I just need to get out of the marital residence!

Posted on Nov 8, 2023 by Katie Carter

When a marriage starts to fall apart, it’s definitely not the most comfortable experience – especially if you and your soon-to-be ex are still living under the same roof.  In most family law cases, the facts really, really matter, so its hard to make generalized, one-size-fits-all type statements.  If you’re living in the same home, but you feel like you desperately need to get out of the house, you’re in the right place.  Let’s talk about what might be going on here.

Is there a risk if I just move out?

Technically, until there’s a separation agreement in place, if one or the other of you leaves the marriage or the home that you’re living in, you could be guilty of desertion or abandonment.  (You may also want to read up a little on constructive desertion, too, in case that applies, but that’s a little outside of the scope of this article.)

Desertion is a fault based ground for divorce, which means that – if one of you moves out – the other could file for divorce on desertion.  Now, technically speaking, desertion is one of the weakest of the fault based grounds of divorce, and its probably unlikely to mean that the ‘guilty’ one (remember, this is a civil, not criminal, case) will receive less of the marital assets (though it is technically possible).  But what it does almost certainly mean is that you’d have to pay a higher retainer to an attorney (contested divorce is more expensive than uncontested), and probably spend much more in attorney’s fees overall to defend against the allegations.  In general, its not a position you’d probably want to find yourself in.

Are we separated?

In Virginia, there’s not really any such thing as a legal separation.  You don’t have to fill out any forms or file anything with the courthouse.  You are separated when (1) one of you forms the intent to end the marriage, and (2) you stop cohabitating.  Some people live separate under the same roof, while others prefer to live out their period of separation elsewhere.

Because we’re generally concerned about desertion (and anything that could make your divorce more difficult or expensive – sorry, it’s just an occupational hazard), it’s ideal if you get a brief writing in place that says that you’ve agreed that it’s okay if one of you moves out and that this should not be construed as desertion.  You don’t technically need this, but it would be good insurance against him changing his mind later, especially if he gets mad about something.  (Hey, it happens.)

You could just agree orally, but that’s slightly riskier.  In any case, best case scenario is to clearly establish your intentions here.  In writing, if you can – though that’s not technically legally required, its just a good practice.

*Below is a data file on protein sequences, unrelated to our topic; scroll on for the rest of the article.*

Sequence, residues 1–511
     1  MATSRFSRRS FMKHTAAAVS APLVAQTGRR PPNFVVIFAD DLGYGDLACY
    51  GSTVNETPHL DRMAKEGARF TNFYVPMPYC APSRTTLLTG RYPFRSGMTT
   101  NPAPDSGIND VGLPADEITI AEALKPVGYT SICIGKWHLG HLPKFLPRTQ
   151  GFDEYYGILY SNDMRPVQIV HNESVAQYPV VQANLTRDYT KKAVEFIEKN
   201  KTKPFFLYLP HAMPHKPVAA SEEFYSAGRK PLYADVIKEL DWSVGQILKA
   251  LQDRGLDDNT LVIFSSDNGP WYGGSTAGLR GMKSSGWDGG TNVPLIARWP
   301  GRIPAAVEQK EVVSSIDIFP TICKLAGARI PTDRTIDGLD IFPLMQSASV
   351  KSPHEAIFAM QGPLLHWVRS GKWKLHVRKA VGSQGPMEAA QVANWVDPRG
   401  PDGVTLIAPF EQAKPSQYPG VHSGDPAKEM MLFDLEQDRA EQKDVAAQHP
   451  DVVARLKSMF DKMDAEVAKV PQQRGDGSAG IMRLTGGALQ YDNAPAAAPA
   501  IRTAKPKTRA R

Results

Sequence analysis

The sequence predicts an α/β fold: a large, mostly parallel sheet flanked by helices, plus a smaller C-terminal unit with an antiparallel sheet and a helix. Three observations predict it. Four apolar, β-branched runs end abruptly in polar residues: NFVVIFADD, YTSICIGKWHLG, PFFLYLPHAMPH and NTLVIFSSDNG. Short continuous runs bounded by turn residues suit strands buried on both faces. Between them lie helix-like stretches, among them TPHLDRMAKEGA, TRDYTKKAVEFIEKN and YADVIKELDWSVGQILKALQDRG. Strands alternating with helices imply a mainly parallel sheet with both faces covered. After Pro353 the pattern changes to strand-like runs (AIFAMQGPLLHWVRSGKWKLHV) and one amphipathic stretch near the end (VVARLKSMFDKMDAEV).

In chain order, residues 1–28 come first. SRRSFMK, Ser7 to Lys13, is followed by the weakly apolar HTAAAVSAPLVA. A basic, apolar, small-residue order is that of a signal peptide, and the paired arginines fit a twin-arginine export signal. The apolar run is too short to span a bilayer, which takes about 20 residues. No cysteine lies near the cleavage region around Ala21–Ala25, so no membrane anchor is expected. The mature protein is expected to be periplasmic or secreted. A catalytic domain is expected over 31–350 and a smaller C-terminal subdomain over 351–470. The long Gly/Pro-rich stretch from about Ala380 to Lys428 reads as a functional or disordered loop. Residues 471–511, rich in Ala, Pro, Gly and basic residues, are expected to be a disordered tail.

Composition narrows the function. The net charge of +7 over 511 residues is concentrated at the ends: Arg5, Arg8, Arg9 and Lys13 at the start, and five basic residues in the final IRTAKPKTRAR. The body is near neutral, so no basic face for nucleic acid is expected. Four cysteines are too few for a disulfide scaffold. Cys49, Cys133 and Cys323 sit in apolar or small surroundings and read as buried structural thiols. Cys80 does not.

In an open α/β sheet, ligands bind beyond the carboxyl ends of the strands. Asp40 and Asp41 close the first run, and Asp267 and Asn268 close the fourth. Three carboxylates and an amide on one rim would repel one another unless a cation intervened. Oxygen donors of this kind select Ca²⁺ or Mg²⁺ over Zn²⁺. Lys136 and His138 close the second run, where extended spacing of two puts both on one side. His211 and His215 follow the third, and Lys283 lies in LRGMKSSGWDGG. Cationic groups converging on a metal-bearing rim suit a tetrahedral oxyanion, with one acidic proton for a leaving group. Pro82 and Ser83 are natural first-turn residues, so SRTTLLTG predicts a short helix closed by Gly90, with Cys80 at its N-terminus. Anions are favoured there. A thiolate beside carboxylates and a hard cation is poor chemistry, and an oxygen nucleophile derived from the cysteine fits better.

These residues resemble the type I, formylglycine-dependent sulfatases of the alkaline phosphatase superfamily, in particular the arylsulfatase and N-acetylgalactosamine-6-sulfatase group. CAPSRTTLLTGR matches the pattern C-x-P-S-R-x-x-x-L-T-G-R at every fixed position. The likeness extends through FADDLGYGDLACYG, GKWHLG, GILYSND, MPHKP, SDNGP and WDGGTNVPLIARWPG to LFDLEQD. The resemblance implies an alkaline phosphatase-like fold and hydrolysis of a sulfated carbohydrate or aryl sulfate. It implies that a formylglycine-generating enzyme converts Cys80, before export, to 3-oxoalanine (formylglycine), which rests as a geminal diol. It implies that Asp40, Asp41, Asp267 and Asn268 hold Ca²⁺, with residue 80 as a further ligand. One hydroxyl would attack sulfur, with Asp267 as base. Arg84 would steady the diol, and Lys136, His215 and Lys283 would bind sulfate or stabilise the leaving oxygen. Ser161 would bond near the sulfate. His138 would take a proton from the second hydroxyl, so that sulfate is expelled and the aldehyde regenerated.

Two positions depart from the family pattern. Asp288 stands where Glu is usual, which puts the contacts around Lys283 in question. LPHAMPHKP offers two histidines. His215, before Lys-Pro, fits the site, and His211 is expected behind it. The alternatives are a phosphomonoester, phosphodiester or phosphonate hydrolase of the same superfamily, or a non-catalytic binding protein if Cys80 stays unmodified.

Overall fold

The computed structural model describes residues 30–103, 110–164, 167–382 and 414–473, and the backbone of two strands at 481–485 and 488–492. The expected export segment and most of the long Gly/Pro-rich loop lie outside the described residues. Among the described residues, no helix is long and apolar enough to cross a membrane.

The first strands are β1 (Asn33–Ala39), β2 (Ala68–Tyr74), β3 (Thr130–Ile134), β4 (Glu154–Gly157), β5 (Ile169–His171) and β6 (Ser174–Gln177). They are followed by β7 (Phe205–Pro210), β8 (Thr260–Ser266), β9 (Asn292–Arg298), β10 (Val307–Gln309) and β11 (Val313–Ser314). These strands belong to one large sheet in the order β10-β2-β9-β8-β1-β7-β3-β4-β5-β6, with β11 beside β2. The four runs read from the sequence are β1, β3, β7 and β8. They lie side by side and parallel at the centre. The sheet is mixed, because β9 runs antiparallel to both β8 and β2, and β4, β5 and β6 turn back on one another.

What if we’ve discussed a divorce, and we’re in agreement?

Good!  Discussing the divorce and being more or less in agreement is nice – though I don’t mean to imply that you should both immediately agree about how all of the assets and liabilities will be divided.  I just mean that, as it relates to the divorce itself, the two of you are on the same page.

From that point, ideally, you could go on to negotiate a separation agreement.  A separation agreement is basically a legal contract that divides the assets and liabilities of the parties between them so that they can pursue an uncontested divorce.  At that point, once you’ve signed, you’d be free to go.

How long does it take to negotiate a separation agreement?  I want to leave NOW.

That’s an impossible question to answer!  Getting a separation agreement in place sometimes takes a week or two and, in other cases, takes years.  I’m not even sure what the average is, but, in my experience, it takes at least a few months.  It’ll take longer if you have bigger issues, like custody and visitation or spousal support.

Getting a separation agreement in place is important.  It protects your right to receive anything you might be entitled to under the law, and it prevents your ex from making a huge fuss about something later (like desertion) and surprising you.  It’ll help make sure that you keep your legal fees to a minimum and gives you more control over the outcome.

Believe me, raining on your parade gives me no satisfaction.  But what would make me even less happy is hearing that you knew you shouldn’t go, you left anyway, and it created big problems for you.

I’m not worried about desertion.  I doubt he’ll do that.  Can’t I just go?  Where should I go?

Hey, it’s a gamble!  I always tell my clients that they know their husbands better than I do, but, then again, one of my clients told me once that she literally felt like she didn’t know her husband at all until they decided to divorce.  So, maybe people are just irrational and its difficult to tell what they’ll do when they’re scared, hurt, upset, sad, lonely, or angry.